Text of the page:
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“All the players have still showed up” Andy Murray hits out at ATP over points removal from Wimbledon

Ahead of his first-round encounter in the 2022 Wimbledon Championships, Andy Murray discusses various points going into his second Grand Slam of the season.

Andy Murray

World No. 52, Andy Murray will return to the All-England Club for the 2022 Wimbledon Championships looking for his fourth career major and third at the Grand Slam. Murray has been the flagbearer of British tennis ever since he made his debut and is still one of the biggest players the nation has in the sport having the hopes of winning the slam on home soil. Despite an injury scare a couple of weeks ago, the Brit is completely fit to enter the Grand Slam and looks forward to making a deep run.

“It’s gone well, I’ve been able to gradually progress in my training and this week, I got to play a few sets and a lot of points. The last few days have been good. I showed a couple of weeks ago that there was still good tennis left in me. I beat a guy in the top five (Tsitsipas) and was neck-and-neck with Berrettini, who is one of the best grasscourt players in the world, before my injury. And I’ve been doing pretty well in practice. I know the tennis is in there. I just need to bring it out during the event,” said Murray in his pre-tournament press conference.

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“I just don’t see who it helps” Andy Murray on the ranking removal by ATP

Andy Murray

With the ban on Russian and Belarusian players still in place, the ATP has also ensured that no ranking points will be awarded to the players this year at the Grand Slam while all points of last year will be docked causing a massive upheaval in the rankings. Murray expressed his opinions on the ban and points removal and it was evident that he did not like it.

“I’ve spoken about this quite a few times, I understand why this decision was taken. I also know quite a few of the Russian and Belarusian players on the men’s side, I am quite friendly and get along well with them. I feel bad for them, I can understand their frustration on their side and in terms of the response from ATP, I didn’t really agree with them. I just don’t see who does it helps, all the players have still showed up here so I don’t see how it puts ATP in a stronger position moving forward. But that’s just my opinion,” said the Brit.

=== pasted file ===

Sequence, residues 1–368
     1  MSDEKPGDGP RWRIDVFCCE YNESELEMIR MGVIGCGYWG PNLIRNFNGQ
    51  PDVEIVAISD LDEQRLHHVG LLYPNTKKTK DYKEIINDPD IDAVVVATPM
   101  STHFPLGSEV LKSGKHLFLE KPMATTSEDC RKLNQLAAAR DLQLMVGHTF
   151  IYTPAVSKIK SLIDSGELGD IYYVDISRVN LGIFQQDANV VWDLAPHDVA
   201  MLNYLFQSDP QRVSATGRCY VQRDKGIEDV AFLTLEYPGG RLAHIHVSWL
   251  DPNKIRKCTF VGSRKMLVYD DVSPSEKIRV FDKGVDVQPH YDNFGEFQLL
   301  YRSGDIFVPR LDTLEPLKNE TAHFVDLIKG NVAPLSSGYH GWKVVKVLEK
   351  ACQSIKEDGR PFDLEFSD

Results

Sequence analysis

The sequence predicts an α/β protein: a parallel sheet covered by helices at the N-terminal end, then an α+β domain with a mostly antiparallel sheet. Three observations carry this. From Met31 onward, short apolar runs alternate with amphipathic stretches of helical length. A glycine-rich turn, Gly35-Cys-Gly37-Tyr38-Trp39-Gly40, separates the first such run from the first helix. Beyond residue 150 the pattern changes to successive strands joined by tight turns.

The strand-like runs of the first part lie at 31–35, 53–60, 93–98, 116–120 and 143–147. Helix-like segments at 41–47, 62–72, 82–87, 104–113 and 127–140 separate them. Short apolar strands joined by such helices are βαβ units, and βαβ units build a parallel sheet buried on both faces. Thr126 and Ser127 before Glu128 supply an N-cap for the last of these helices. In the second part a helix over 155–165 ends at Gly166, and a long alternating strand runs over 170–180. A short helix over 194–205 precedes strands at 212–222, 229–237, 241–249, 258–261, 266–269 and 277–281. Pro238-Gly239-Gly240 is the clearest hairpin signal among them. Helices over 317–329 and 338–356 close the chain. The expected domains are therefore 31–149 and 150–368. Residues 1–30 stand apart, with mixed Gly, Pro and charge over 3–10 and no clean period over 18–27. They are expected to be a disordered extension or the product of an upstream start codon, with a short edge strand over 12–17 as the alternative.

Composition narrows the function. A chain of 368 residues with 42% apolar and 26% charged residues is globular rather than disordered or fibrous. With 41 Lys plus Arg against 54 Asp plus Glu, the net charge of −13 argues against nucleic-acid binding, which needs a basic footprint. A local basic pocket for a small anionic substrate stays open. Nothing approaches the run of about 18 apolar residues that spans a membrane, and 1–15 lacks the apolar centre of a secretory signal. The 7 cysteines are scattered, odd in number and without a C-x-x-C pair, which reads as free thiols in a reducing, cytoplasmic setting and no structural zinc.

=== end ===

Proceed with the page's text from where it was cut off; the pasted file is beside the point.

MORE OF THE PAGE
“There is a lot of pressure”: Murray on Brits coming into Wimbledon

Andy Murray and Emma Raducanu

Prior to Andy winning the 2013 Wimbledon Championships, no British man had won it since Fred Perry in 1936 and Murray had ended the wait of 76 years for a homegrown player to win the Grand Slam. He repeated the feat in 2016 in what was a fantastic season for him as he achieved the World No. 1 ranking and secured it for the year-end as well. He however talked about how the pressure increases at the Grand Slam and if he would give any advice to struggling compatriot Emma Raducanu or other British players.

“I haven’t given advice to Emma or any of the British players on how to deal with that side of things. No one has asked me but I won’t call them up and tell, ‘hey this is how you should deal with it’ because that’s the right way to go because everyone is different, everyone feels in a different way and will handle it differently. I certainly didn’t handle things differently during the Wimbledon period and but I can also understand probably the different emotions and stresses you feel coming into this tournament.

“The tournament is great, it is amazing but there are challenges that come with it and it’s difficult. I don’t know how much has changed over the years. Maybe for me, like at the beginning of the career, there’s not really much expected of you and then quite quickly, a lot is expected, the better you do and higher the ranking is, then a lot is expected of you and there is a lot of pressure,” added Murray.

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